Electric cooperatives across the country are welcoming $309 million in federal loans for infrastructure improvements, new power lines and smart grid technologies. The U.S. Department of Agriculture announced the loans in Iowa’s co-op country.
Source: America’s Electric Cooperatives
“Robust, modern infrastructure is a foundation for quality of life and economic opportunity no matter the ZIP code in which you live,” said Anne Hazlett, USDA assistant to the secretary for Rural Development, during a June 7 visit to Central Iowa Power Cooperative in Cedar Rapids.
“Under Secretary [Sonny] Perdue’s leadership, USDA is committed to being a strong partner in addressing rural infrastructure needs to support a more prosperous future in rural communities.”
The loans to 16 electric co-ops are being made through USDA’s Electric Infrastructure Loan and Loan Guarantee program, which helps finance generation, transmission and distribution projects; system improvements; and energy conservation projects in communities with populations of 10,000 or less.
“CIPCO appreciates the opportunity to partner in the announcement of USDA’s financial support of new smart grid projects within Iowa’s electric cooperative system,” said Bill Cherrier, CEO of the G&T, whose 13-member co-ops serve more than 320,000 members across 58 counties.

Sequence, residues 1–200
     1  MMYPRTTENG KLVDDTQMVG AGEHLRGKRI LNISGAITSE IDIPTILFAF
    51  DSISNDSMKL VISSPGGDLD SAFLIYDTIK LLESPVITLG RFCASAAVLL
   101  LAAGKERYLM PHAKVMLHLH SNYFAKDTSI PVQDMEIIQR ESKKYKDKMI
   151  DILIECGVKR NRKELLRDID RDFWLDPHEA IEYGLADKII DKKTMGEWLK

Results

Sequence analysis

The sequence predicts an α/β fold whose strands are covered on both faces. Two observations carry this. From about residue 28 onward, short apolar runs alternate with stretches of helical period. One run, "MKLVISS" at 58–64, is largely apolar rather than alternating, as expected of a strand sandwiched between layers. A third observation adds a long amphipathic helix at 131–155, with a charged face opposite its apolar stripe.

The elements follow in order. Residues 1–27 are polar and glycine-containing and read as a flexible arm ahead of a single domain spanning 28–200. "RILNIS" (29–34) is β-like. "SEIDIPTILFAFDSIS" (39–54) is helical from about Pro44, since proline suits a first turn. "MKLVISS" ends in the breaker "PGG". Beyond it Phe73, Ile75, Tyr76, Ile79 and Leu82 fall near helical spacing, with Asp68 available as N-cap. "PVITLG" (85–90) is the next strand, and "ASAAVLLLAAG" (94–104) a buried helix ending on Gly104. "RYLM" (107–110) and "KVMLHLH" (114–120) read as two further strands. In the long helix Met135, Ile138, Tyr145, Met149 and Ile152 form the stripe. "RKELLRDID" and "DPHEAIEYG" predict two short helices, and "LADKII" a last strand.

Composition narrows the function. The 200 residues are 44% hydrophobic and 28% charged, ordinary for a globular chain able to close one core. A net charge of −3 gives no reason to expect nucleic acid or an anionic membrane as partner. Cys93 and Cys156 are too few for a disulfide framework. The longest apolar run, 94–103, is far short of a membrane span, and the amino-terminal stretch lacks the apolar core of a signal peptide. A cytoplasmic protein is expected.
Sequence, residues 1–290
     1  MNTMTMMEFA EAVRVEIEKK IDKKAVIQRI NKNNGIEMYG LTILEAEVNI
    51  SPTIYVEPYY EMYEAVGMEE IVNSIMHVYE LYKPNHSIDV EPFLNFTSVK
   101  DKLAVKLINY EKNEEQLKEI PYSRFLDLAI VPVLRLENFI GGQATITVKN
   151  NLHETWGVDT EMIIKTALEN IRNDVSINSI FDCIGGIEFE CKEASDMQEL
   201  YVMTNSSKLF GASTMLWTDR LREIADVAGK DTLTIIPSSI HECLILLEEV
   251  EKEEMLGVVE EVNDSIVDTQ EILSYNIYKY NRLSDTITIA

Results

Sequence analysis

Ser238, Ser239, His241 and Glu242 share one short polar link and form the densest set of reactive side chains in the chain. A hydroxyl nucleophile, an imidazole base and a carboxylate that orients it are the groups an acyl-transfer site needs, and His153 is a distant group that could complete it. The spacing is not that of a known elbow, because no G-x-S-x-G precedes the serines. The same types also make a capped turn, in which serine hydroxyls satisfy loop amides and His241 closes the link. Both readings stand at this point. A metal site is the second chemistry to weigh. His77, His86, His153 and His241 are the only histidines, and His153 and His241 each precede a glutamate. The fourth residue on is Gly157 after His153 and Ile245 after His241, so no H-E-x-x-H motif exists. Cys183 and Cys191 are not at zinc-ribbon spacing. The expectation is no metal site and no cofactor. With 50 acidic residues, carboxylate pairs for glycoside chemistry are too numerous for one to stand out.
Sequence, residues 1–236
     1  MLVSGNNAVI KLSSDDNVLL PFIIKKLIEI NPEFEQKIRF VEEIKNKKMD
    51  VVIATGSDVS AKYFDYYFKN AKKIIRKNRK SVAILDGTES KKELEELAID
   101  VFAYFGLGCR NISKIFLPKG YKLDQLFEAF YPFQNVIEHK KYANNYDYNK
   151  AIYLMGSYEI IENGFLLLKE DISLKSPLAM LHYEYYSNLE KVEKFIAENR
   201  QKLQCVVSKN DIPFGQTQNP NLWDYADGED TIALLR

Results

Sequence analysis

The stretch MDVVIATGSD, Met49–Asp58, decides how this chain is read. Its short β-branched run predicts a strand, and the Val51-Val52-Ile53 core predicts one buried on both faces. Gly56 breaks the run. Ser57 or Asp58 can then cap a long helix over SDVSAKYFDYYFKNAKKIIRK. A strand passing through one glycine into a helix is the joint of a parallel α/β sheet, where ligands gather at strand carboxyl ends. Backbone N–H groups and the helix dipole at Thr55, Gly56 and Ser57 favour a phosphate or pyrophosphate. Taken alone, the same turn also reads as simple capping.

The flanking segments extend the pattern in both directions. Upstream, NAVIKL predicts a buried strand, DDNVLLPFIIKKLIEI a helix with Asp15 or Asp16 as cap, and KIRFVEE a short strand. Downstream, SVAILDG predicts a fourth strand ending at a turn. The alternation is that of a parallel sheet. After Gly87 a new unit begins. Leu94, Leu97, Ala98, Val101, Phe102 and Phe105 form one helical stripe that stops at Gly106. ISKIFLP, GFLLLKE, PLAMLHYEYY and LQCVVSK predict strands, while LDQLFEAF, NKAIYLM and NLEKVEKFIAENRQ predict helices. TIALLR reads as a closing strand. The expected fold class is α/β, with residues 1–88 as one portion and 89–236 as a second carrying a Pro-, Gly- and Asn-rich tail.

“We are pleased that one of our members, Farmers Electric Cooperative from Greenfield, Iowa, is the recipient of funding for a key project to improve service to their consumer-members as part of today’s announcement,” he said.
Farmers Electric Co-op CEO Charlie Dunn said the $1.4 million loan will go toward smart grid projects, specifically meters and meter-reading equipment for the 4,759-member co-op.
“The ability to leverage lower-interest loan funds through USDA for our advanced metering infrastructure project ensured that Farmers Electric could continue to provide our members reliable service at an affordable price,” said Dunn.
The growing 50,000-member Mountain View Electric Association with headquarters in Limon, Colorado, received the largest loan, with $82 million to rebuild and improve 197 miles of distribution line and other system components from substation upgrades to pole and underground replacements.
Cape Hatteras Electric Cooperative, based in Buxton, North Carolina, will use a nearly $7.6 million loan to install a 115kV line along the new Bonner Bridge and a station service transformer to change voltage levels.